I think over all i got a latency of about 40ms. Its very low but i feel unconfortable with even that value.
I have also tried GuitarRig 5 together with the realtone cable and the onboard Soundcard with the ASIO4all.
If i remeber correctly Inputlatency 15ms processing 3ms output 6ms i can give you the correct vaules if i restart my notebook.

On a semipro / pro interface you got 0.5 ms input, 0.5ms processing and 0.5 ms output with GuitarRig 5 (tested with ESI-Adudio Juli@ Xte @ 96khz, and Samplebuffer of 48 Samples) without any problems.

A friend of mine is a professional Bassist he is complaing even on 20-30ms latency he mentoned that he has no feel for the tone or the repsonse if he plays slap is bad.
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7. Latency is a real pain in the *** for me.
I set the buffer on 1024.
My output is a RME Babyface.
The latency is really disturbing and it's really ridiculous to have to play with the cheap real tone cable when i own a 500\$ professional audio interface.

I can't set the LatencyBuffer on 1 (the sound is terrible) and when i set the buffer lower than 1024, the game won't launch.
This is weird, i have a fast computer (core i7).
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8. Originally Posted by gmparadise Go to original post
I can't set the LatencyBuffer on 1 (the sound is terrible) and when i set the buffer lower than 1024, the game won't launch.
This is weird, i have a fast computer (core i7).
Try using your onboard sound card. This solved many latency issues.
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9. gmparadise, you are probably using your PCI soundcard, which a lot of people are having trouble with latency wise. Try your onboard audio device, it gives much better results in combination with analog audio in most cases and can run on much lower buffers.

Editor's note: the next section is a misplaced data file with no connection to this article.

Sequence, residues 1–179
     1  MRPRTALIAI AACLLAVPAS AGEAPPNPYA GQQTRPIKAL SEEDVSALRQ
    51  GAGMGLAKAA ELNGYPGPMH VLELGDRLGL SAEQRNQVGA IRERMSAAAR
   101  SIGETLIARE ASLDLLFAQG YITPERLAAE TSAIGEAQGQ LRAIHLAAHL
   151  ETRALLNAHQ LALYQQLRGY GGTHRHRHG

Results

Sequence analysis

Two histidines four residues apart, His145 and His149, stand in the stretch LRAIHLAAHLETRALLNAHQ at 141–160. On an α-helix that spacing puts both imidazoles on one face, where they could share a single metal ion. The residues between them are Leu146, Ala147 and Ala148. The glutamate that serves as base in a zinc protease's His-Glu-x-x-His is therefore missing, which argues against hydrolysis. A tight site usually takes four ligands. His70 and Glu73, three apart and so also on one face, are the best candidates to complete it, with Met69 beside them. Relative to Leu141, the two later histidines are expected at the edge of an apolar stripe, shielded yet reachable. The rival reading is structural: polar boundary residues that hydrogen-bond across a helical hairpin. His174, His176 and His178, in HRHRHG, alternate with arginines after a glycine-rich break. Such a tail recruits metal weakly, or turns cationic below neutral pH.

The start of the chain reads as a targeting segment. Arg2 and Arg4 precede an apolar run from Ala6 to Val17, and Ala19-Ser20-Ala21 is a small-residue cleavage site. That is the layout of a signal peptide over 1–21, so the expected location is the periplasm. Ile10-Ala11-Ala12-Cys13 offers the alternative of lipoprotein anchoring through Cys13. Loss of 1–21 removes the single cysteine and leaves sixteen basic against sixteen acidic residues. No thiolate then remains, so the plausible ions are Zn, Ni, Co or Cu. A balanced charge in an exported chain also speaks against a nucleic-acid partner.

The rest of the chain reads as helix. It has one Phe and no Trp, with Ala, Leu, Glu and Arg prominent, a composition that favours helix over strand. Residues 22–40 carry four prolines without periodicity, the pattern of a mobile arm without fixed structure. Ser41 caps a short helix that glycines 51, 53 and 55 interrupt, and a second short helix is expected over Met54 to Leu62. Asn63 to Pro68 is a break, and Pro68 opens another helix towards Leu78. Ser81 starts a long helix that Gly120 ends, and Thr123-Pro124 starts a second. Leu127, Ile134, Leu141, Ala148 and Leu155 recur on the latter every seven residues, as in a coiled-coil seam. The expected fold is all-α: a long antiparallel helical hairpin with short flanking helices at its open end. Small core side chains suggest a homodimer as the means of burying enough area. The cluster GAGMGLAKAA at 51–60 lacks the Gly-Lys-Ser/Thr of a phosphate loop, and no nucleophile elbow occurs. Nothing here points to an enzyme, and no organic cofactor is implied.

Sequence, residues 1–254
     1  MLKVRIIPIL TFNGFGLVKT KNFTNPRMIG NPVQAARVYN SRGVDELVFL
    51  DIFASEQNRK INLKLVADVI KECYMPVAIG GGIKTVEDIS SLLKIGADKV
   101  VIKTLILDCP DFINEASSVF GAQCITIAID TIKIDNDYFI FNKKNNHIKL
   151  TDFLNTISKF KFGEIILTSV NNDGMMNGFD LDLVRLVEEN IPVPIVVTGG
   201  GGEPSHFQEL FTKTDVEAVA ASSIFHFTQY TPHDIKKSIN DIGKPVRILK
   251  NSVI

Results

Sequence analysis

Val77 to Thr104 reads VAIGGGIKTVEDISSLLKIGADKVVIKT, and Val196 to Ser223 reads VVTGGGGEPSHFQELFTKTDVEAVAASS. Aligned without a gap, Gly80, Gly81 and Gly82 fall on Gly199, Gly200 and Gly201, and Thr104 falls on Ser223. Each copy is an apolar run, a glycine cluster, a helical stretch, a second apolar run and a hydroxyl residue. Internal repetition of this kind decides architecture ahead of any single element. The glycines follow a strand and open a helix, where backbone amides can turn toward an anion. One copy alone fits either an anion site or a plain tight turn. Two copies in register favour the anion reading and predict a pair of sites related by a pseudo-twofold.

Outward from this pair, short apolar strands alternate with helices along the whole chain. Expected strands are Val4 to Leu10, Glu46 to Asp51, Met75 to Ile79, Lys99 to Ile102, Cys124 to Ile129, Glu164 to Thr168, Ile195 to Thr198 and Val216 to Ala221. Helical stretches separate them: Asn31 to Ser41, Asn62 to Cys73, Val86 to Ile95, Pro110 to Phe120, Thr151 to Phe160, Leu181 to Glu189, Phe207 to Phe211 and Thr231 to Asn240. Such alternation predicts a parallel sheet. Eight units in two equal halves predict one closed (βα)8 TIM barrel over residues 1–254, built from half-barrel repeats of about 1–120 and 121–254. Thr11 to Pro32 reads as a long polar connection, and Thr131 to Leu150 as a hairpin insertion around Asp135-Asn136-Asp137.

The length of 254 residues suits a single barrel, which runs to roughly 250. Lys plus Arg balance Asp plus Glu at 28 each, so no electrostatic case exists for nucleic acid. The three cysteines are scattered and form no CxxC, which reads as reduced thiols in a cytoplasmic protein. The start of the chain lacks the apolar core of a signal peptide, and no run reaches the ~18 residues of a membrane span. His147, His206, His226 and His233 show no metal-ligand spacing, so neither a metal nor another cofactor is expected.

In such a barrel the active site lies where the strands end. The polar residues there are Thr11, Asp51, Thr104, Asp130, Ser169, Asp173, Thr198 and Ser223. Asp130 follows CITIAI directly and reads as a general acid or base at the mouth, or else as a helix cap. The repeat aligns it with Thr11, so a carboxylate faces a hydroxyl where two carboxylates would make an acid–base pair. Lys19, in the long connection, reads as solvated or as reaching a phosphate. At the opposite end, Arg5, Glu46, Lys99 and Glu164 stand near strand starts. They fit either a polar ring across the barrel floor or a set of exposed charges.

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10. Originally Posted by moogman79 Go to original post
Nice maths,

you have just calculated the output latency.
But dont forgett you have a processing latency and an input latency.

I have also start playing around with some consumer grade soundcards.
I did get an outputlatency of my onboard soundcard down to 2-3ms without greater problems.
But the Realtoncable also has a min. of apporx. 20ms

I think over all i got a latency of about 40ms. Its very low but i feel unconfortable with even that value.
I have also tried GuitarRig 5 together with the realtone cable and the onboard Soundcard with the ASIO4all.
If i remeber correctly Inputlatency 15ms processing 3ms output 6ms i can give you the correct vaules if i restart my notebook.

On a semipro / pro interface you got 0.5 ms input, 0.5ms processing and 0.5 ms output with GuitarRig 5 (tested with ESI-Adudio Juli@ Xte @ 96khz, and Samplebuffer of 48 Samples) without any problems.

A friend of mine is a professional Bassist he is complaing even on 20-30ms latency he mentoned that he has no feel for the tone or the repsonse if he plays slap is bad.
As rml0214 posted earlier, it maybe makes more sense for the buffer value in the ini file to be in samples, not bytes. So if we count purely in samples the latency should (?) be calculated like this:

MaxOutputBufferSize set to 1024 and LatencyBuffer at 2.

Total buffer size: 1024 * 2 = 2048
Divide by 48: 2048 / 48 = 42
The output latency is 42 milliseconds. Assuming that input and processing has the same latency as the output, multiplying with 3 the total will be 126 ms.

Where do you get the value of 20 ms latency on the cable? I'm able to get a I/O latency of 3 ms in Mixcraft using WaveRT exclusive mode (same as Rocksmith) with the cable: